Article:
Roads widen as compound gates come down

Source:Global Times Published: 2016-2-24 21:38:01

Street and block will open up tight cities

Illustration: Liu Rui/GT

Editor's Note:

A government decision to open up the enormous numbers of gated residential compounds to ease traffic congestion has triggered a public uproar online. "No more enclosed residential compounds will be built in principle," the directive issued by the Communist Party of China Central Committee and the State Council instructs. Many residents are concerned about personal and property safety risks caused by the order. The Global Times has collected three pieces over this matter.

Instead of blaming private cars, the public, including professionals, attributes traffic congestion to unreasonable urban planning. Sprawling gated residential compounds are the main reason for low road density in many cities. From a professional perspective, removing walls from residential complexes to ease traffic is undoubtedly logical.

However, in addition to professional knowledge, policymaking has to take many other elements into consideration. First, gated residential complexes need to be regulated. Although as many economists point out, the formation of urban structure is endogenous, exogenous policies can exert significant influences over, and sometimes are of vital necessity for urban structure. For instance, while enjoying an enclosed environment, residents have not paid the costs for exterior traffic congestion caused by these enclosures.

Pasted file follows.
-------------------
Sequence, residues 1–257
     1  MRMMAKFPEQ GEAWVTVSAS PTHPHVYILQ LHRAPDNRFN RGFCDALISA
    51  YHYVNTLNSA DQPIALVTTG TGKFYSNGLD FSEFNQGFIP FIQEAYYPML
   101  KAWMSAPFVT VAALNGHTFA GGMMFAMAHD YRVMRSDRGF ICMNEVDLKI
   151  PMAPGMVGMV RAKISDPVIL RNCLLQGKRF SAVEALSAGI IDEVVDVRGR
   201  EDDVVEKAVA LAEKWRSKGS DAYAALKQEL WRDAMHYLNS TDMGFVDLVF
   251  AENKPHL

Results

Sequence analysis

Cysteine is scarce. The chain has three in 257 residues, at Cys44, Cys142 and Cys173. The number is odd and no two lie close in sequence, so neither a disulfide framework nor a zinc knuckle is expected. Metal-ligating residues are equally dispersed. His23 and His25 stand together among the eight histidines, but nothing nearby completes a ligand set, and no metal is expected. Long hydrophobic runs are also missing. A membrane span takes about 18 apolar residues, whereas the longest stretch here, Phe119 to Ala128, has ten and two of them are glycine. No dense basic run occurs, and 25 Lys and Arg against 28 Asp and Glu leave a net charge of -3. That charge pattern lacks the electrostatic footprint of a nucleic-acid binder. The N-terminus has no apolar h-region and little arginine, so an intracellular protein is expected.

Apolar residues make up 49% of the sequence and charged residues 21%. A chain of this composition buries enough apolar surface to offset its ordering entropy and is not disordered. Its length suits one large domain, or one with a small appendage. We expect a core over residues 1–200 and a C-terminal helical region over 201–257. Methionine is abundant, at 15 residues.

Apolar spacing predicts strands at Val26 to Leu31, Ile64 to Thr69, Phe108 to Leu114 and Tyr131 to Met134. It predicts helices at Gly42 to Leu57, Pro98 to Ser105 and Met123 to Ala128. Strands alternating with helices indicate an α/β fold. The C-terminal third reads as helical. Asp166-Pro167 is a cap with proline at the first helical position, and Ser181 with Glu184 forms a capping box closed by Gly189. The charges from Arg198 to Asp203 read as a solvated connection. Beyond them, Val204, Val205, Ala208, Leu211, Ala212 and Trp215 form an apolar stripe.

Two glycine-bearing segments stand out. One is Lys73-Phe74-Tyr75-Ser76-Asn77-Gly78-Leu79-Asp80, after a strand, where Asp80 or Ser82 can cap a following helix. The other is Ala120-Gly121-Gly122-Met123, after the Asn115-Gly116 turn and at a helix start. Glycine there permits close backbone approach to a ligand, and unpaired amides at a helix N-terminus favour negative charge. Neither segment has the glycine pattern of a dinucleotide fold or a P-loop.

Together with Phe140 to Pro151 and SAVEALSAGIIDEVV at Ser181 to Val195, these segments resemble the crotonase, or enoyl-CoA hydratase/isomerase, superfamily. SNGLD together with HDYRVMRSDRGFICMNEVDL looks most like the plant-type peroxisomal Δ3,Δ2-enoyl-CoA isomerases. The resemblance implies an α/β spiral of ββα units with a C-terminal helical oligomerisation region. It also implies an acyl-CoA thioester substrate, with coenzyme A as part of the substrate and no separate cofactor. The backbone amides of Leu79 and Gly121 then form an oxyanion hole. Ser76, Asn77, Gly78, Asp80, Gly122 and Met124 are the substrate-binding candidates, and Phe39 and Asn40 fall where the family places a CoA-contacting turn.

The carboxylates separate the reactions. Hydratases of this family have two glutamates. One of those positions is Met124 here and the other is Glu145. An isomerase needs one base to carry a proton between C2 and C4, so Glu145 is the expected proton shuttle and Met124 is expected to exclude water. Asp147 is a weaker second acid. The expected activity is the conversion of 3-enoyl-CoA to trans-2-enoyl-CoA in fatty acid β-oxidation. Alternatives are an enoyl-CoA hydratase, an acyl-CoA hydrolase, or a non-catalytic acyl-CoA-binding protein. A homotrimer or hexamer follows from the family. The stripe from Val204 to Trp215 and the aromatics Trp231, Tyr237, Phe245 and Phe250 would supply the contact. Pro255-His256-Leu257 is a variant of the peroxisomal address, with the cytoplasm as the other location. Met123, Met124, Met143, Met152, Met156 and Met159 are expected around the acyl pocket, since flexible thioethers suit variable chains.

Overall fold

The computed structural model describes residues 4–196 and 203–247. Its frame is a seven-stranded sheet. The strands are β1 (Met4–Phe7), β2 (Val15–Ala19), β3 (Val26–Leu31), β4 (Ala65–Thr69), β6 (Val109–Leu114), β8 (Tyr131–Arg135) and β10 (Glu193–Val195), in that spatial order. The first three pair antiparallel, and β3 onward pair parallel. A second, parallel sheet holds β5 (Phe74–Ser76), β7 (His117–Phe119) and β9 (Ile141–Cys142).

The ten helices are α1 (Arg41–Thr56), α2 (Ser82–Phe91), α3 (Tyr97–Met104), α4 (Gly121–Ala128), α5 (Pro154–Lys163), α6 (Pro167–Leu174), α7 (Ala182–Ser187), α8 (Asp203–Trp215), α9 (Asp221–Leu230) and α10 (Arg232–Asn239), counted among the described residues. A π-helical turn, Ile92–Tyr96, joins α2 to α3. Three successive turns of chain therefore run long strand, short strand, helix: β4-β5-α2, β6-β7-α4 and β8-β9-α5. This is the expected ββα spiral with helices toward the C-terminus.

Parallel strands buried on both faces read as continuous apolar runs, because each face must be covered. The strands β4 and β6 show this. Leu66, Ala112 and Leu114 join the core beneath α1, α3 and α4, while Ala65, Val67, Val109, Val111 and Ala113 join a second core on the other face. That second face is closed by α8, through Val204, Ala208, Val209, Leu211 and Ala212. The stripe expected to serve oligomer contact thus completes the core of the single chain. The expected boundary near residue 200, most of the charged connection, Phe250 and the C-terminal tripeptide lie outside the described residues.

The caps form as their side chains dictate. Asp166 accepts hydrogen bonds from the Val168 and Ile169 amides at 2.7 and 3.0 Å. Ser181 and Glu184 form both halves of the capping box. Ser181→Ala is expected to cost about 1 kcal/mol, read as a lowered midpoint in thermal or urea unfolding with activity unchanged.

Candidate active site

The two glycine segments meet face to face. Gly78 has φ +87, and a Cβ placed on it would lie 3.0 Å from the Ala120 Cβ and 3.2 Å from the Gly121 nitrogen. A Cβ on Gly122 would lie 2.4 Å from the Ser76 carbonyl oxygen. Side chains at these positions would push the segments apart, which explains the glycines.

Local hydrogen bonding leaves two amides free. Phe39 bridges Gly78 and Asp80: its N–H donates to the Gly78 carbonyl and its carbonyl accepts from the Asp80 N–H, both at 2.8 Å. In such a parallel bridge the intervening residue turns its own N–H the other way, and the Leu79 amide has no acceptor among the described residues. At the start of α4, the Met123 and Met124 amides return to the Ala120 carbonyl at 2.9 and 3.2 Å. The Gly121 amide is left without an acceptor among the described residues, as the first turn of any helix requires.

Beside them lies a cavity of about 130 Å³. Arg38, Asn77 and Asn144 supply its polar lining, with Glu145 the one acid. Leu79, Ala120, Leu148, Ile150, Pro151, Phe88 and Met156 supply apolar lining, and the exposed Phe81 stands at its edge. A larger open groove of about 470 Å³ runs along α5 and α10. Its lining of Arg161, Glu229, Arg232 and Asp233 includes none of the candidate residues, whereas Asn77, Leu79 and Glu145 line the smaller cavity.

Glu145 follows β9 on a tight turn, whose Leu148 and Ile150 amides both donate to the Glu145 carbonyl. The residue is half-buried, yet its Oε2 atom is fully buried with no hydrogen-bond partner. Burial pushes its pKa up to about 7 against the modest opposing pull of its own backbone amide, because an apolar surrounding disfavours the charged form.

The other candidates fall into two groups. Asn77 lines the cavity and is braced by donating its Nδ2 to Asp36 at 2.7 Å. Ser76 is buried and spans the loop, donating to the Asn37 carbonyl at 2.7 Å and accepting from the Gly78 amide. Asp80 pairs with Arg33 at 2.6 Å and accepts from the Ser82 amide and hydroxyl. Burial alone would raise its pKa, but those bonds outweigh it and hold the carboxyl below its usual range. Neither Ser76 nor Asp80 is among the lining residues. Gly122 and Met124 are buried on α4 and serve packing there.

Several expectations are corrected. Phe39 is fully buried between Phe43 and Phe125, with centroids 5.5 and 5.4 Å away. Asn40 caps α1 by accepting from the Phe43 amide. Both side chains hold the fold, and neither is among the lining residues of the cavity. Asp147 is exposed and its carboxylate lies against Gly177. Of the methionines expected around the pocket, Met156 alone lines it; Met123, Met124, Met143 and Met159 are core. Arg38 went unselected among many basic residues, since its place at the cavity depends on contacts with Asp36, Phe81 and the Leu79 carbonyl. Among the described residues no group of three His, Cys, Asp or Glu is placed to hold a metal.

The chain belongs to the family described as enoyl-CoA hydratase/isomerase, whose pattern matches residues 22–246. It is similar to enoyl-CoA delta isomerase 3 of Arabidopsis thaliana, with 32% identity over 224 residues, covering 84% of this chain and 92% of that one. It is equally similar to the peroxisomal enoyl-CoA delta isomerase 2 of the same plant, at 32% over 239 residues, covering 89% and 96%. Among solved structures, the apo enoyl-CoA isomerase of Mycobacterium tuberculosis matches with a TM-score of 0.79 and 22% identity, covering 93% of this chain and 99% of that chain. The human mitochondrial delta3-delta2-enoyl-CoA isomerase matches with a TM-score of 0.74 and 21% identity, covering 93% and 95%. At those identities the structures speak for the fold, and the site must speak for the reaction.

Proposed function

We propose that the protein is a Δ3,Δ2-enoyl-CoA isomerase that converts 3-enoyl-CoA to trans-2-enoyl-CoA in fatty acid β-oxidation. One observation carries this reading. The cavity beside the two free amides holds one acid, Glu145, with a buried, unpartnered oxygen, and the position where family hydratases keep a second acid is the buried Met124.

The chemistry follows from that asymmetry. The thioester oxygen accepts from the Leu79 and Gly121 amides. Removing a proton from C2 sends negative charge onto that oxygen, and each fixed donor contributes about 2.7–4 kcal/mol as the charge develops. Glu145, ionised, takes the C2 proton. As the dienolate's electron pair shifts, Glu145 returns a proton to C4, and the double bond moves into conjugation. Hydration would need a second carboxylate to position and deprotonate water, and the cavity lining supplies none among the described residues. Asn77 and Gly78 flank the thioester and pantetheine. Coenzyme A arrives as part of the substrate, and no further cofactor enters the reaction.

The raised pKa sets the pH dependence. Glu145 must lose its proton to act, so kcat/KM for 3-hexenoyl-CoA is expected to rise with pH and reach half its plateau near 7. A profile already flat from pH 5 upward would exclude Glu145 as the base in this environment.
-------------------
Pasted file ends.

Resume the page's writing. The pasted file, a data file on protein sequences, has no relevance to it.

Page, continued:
In addition, the guidelines need to consider the obstacles in opening up the gated residential compounds. Following the introduction of the street-and-block system, property rights will witness major changes. Plus, many old residential districts have no underground parking facilities. The community's interior roads, which serve as parking areas as well, will have limited effect on diverting traffic flows.

The government can save substantial administrative costs by banning new enclosed communities. Yet most of the newly built compounds are located on the outskirts of cities. Despite its positive role in preventing traffic congestion from deteriorating, the effects of the ban on improving traffic hinges on the location of the communities.

Furthermore, policymakers need to understand that, despite the help of GPS, drivers' ability to search for the newly created community roads will be greatly restricted by the costs of changing routes. Even the big data navigation systems have a limited capability to search for interior roads within the compounds. It is an extremely tough task for drivers to calculate their routing based on the feedbacks from the navigation system.

Therefore, it is one-sided to simply praise or criticize the street-and-block system. As a top-level design, the guidelines may have both negative and positive effects. The performance of the system depends on the details in implementing concrete policies. This requires professional suggestions from urban design researchers. Expanding political wisdom to other areas is of significance as well.

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